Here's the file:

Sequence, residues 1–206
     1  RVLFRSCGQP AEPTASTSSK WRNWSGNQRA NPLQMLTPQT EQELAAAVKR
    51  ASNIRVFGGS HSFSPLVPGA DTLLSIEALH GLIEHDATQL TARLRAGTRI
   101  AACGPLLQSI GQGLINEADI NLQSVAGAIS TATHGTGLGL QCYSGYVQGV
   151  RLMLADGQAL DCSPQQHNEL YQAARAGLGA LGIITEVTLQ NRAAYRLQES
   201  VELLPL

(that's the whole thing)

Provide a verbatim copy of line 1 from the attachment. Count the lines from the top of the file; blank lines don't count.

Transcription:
Sequence, residues 1–206